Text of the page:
With a grin, Mateo Cota — aka “The Beast” — took off down the drive near his family’s Arroyo Grande home on his John Deere toy Gator.
After a long moment, his dad, Eddie Cota, started running after him — a response that prompted Mateo, who turns 3 in October, to smile wider and hit the gas.
“He just takes everything on with so much energy and charisma,” Eddie Cota said. “He just doesn’t take no for an answer.”
It’s an attitude that earned Mateo his nickname, and also one that has helped him withstand a lengthy treatment for acute lymphoblastic leukemia.
Mateo had been sick for about six months with various ailments including a periodic fever, stomach pains, an earache and other problems that prompted four visits to the Arroyo Grande Community Hospital emergency room, with no conclusion.
“I knew something was wrong, but I was doubting myself,” Erika Cota said. Finally, concerned about a sore on Mateo’s leg that wasn’t healing, as well as a recent headache he’d had, she took him to Sierra Vista Regional Medical Center, where he was finally diagnosed with cancer.
He’s been in remission since Oct. 21, 2013, but he’ll have to continue a treatment regime that includes oral chemotherapy, spinal chemotherapy every three months and periodic blood work for more than two years.
Eddie Cota and his wife, Erika, sat down Monday for an interview at their home to talk about Mateo, their youngest of three sons.
Or at least, they tried to sit down. Occasionally they’d pop up to respond to Mateo, such as when he grabbed a bottle of hand sanitizer and squirted it across the room. Eventually, we went outside so Mateo could run around.
“He just has the absolute best attitude about this,” Eddie Cota said of his son — though he could have been describing himself and his wife.
During what is undoubtedly a trying time, the Cotas have set up a Facebook group, Cancer Mommies of the Central Coast, for moms to find support during their child’s treatment (it’s a closed group with 22 members).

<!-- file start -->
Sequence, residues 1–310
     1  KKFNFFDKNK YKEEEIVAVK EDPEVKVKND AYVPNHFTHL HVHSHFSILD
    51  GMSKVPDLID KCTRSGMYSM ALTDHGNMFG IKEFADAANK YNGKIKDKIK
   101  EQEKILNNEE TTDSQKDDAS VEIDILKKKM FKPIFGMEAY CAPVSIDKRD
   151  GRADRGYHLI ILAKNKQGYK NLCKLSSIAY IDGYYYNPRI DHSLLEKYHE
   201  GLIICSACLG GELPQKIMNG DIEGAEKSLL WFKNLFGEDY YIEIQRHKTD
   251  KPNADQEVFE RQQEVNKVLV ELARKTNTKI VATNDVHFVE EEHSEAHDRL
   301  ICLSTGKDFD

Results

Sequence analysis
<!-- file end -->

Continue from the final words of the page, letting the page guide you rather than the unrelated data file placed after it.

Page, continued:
They’ve met or are in the process of setting up meetings with representatives from Sierra Vista and Dignity Health, which owns the Arroyo Grande hospital, to give feedback on their experience at both hospitals to help improve the process for future families.
This Saturday, the Cotas will speak at a bone marrow registry and blood drive hosted by GH Sports in San Luis Obispo. With any luck, Mateo will grab the microphone and say a few words, too (maybe, “I’m beast!” while flexing his muscles, like he did during a pause on the Gator).
Mateo has so much enthusiasm, it’s hard to believe his diagnosis happened just under a year ago, on Sept. 23, 2013.
But as Mateo plays, his parents point out that he’s stepping on his tiptoes, because the chemotherapy makes it painful to walk.
He was first treated at Cottage Children’s Hospital in Santa Barbara and then transferred to Children’s Hospital Los Angeles. Most of his treatment is now done at a satellite office of Children’s Hospital in Ventura and Coastal Integrative Cancer Center in San Luis Obispo.
The family’s upbeat attitude toward Mateo’s treatment shows as they talk about his port, a special intravenous line placed under his skin that allows him to receive medication or have blood samples taken.
The port is named Henry.
“Henry is with us for the next 2½ years,” Erika Cota said. “It’s easy to cry and be negative but Mateo gets excited. Henry is going to get food.”
“We put a positive spin on it,” Eddie Cota added.